Containing COVID-19 among 627,386 persons in contact with the diamond princess cruise ship passengers who disembarked in Taiwan: Big data analytics

Chi Mai Chen, Hong Wei Jyan, Shih Chieh Chien, Hsiao Hsuan Jen, Chen Yang Hsu, Po Chang Lee, Chun Fu Lee, Yi Ting Yang, Meng Yu Chen, Li Sheng Chen, Hsiu Hsi Chen, Chang Chuan Chan

Research output: Contribution to journalArticlepeer-review

118 Citations (Scopus)


Background: Low infection and case-fatality rates have been thus far observed in Taiwan. One of the reasons for this major success is better use of big data analytics in efficient contact tracing and management and surveillance of those who require quarantine and isolation. Objective: We present here a unique application of big data analytics among Taiwanese people who had contact with more than 3000 passengers that disembarked at Keelung harbor in Taiwan for a 1-day tour on January 31, 2020, 5 days before the outbreak of coronavirus disease (COVID-19) on the Diamond Princess cruise ship on February 5, 2020, after an index case was identified on January 20, 2020. Methods: The smart contact tracing-based mobile sensor data, cross-validated by other big sensor surveillance data, were analyzed by the mobile geopositioning method and rapid analysis to identify 627,386 potential contact-persons. Information on self-monitoring and self-quarantine was provided via SMS, and severe acute respiratory syndrome coronavirus 2 (SARS-CoV-2) tests were offered for symptomatic contacts. National Health Insurance claims big data were linked, to follow-up on the outcome related to COVID-19 among those who were hospitalized due to pneumonia and advised to undergo screening for SARS-CoV-2. Results: As of February 29, a total of 67 contacts who were tested by reverse transcription-polymerase chain reaction were all negative and no confirmed COVID-19 cases were found. Less cases of respiratory syndrome and pneumonia were found after the follow-up of the contact population compared with the general population until March 10, 2020. Conclusions: Big data analytics with smart contact tracing, automated alert messaging for self-restriction, and follow-up of the outcome related to COVID-19 using health insurance data could curtail the resources required for conventional epidemiological contact tracing.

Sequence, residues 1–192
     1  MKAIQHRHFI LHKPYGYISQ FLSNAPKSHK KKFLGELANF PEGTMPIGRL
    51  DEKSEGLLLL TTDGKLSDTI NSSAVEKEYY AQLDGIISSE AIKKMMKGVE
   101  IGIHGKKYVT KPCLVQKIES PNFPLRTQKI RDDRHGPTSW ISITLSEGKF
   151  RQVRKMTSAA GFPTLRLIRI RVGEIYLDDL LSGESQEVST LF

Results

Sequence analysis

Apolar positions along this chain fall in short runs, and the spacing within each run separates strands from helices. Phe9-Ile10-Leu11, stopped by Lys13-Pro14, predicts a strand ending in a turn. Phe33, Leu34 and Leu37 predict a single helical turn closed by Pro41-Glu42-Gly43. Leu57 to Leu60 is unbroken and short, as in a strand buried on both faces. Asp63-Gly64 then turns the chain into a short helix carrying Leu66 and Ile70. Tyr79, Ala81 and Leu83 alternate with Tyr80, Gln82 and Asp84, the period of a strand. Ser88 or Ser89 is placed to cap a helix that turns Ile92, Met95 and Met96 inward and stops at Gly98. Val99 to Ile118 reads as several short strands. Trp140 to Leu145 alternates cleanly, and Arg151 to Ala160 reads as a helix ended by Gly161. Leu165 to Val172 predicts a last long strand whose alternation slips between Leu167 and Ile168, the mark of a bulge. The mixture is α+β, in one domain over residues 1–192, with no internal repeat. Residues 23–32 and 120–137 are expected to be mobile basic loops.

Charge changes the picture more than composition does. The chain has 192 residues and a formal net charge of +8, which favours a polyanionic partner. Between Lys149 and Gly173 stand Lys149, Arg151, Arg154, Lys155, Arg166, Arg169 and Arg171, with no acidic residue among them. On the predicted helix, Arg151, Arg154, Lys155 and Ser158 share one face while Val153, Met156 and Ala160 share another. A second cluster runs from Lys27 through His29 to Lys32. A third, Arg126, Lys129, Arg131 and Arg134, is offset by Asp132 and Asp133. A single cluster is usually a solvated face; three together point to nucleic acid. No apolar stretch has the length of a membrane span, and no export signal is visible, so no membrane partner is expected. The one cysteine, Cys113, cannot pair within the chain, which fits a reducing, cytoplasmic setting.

Original languageEnglish
Article numbere19540
JournalJournal of Medical Internet Research
Issue number5
Publication statusPublished - May 2020


  • Big data
  • Contact tracing
  • COVID-19
  • Digital contact tracking
  • Mobile geopositioning
  • Precision public health
  • Proximity tracing
  • Public health
  • Surveillance
  • Virus

ASJC Scopus subject areas

  • Health Informatics


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